A history of the gas bags: forerunners of today's air travel and explorations

November 14, 1966

Sport of the Gods! Who else flies over a sleeping world, through space, and knows the joys of motion without movement, without sound, without effort?... The strange sense of being disembodied, of motionless suspension in mid-heaven, of solemn silence, makes a new environment for the heart of man." Thus did the rhapsodic Contessa Grace di Campello Della Spina describe her balloon voyage in 1907; one must bear in mind that the lady was on her honeymoon trip.

Balloon journeys were not always so serene. L.T.C. Rolt in The Aeronauts: A History of Ballooning 1783-1903 (Walker and Company, $5.95) promises "a tale of heroism and high endeavor, of bravura and folly, of tragedy, comedy, and, occasionally, sheer knockabout farce." The promise is fulfilled—with wit, gusto and the utmost clarity. The least technically minded reader in the world (me) soon becomes absorbed in the agonies and ecstasies of the extraordinary men and women whose early discoveries made our Space Age possible. Balloon fanciers will find their enjoyment enhanced by the book's delicious illustrations.

Comedy abounds. The pioneering Montgolfier brothers in 1782 discovered that a balloon filled with hot air would rise. The burning of noxious substances was, they supposed, creating a mysterious floating "gas." They sent out urgent appeals for old shoes and pieces of decomposed meat, which they allowed to smoulder in damp straw, producing a stench that quite overpowered King Louis XVI and Marie Antoinette when they tried to examine the new contraption. Rotting meat and stinking shoes notwithstanding, the brothers got a balloon into the air and down again.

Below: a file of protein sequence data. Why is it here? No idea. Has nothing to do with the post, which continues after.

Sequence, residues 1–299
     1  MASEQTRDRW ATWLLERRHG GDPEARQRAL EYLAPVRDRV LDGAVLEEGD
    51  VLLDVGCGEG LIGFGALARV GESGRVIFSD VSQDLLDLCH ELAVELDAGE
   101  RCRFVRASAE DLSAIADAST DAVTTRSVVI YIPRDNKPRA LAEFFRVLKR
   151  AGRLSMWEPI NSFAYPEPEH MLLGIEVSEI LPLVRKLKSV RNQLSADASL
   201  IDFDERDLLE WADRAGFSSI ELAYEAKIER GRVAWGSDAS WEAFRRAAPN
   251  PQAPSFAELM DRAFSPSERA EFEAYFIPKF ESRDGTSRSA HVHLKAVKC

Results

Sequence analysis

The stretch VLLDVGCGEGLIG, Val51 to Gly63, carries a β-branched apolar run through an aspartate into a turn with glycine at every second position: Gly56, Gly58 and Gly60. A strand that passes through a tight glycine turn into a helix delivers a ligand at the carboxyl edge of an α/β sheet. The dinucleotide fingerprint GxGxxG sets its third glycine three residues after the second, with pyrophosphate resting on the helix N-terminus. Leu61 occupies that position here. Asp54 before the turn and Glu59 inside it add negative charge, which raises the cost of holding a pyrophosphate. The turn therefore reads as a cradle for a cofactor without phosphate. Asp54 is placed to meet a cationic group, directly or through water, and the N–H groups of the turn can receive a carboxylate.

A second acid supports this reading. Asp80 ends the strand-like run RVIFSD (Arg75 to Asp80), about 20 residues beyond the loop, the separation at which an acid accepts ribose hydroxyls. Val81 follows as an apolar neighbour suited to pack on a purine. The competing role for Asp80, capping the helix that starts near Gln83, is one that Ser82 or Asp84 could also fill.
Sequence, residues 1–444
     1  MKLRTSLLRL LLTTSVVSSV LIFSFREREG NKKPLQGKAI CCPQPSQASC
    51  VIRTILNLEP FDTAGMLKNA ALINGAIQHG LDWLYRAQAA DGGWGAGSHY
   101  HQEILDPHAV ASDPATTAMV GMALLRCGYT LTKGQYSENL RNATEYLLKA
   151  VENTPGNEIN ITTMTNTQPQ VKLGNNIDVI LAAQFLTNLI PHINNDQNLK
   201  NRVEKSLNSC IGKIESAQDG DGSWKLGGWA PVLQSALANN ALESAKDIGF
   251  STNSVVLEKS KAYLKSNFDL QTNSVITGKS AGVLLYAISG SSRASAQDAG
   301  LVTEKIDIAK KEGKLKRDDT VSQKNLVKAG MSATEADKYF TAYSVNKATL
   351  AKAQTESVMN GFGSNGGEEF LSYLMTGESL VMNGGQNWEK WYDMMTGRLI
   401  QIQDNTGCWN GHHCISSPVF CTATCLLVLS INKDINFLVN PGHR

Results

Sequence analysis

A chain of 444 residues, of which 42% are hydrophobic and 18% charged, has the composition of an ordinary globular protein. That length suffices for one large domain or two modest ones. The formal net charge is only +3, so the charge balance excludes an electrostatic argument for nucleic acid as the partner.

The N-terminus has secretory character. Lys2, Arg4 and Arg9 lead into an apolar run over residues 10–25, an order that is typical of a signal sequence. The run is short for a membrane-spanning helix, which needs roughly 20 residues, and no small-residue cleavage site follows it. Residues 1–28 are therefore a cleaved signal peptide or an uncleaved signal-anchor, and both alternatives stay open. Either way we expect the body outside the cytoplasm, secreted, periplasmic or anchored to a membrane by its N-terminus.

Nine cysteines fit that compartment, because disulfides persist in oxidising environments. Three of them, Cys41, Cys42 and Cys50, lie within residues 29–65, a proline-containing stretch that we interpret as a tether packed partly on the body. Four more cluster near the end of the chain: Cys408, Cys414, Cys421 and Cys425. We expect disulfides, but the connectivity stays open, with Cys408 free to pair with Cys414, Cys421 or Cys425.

Up, up, up went the brave pioneers (sometimes after a bit of hysterical swordplay to determine who was to have the privilege of ascending). With a pleasing gift for ironic characterization, the author parades them before our eyes: the cool-headed, heroic F. Pil√¢tre de Rozier, first man to take off" in a free balloon; and Madame Thible, the first lady aeronaut, who rose to the skies "singing like a bird." There was the eccentric anatomist, Dr. John Sheldon (his collection of anatomical specimens included the embalmed corpse of his departed spouse); the vain and flamboyant Lunardi, an irresistible ladies' man, who took a pair of oars aloft hoping, thus, to row through space; and the alcoholic Lieut. George Burcher Gale, R.N., whose last, fatal balloon ascent was made seated on a pony and in a severe state of intoxication.

Not only were the aeronauts the Glenns and Gagarins of their day, they seem to have been the Beatles as well. This popular adulation had its dangers. True, public subscription covered the cost of inflating a large balloon—an expensive business once hydrogen was being widely used. But ballooning as a spectator sport was fraught with lengthy delays and disappointments. Imagine the anguished feelings of the wretched balloonist waiting for the countdown amidst the highly charged emotions of a crowd growing ever more restive as the hours went by. If he rose before the weather and the wind were right, or if he rose before his craft was properly inflated, he risked death by falling, by burning, or by explosion. But if he kept his furious fans hanging about too long he risked being first jeered at for cowardice, then with having himself and his balloon brutally trampled underfoot.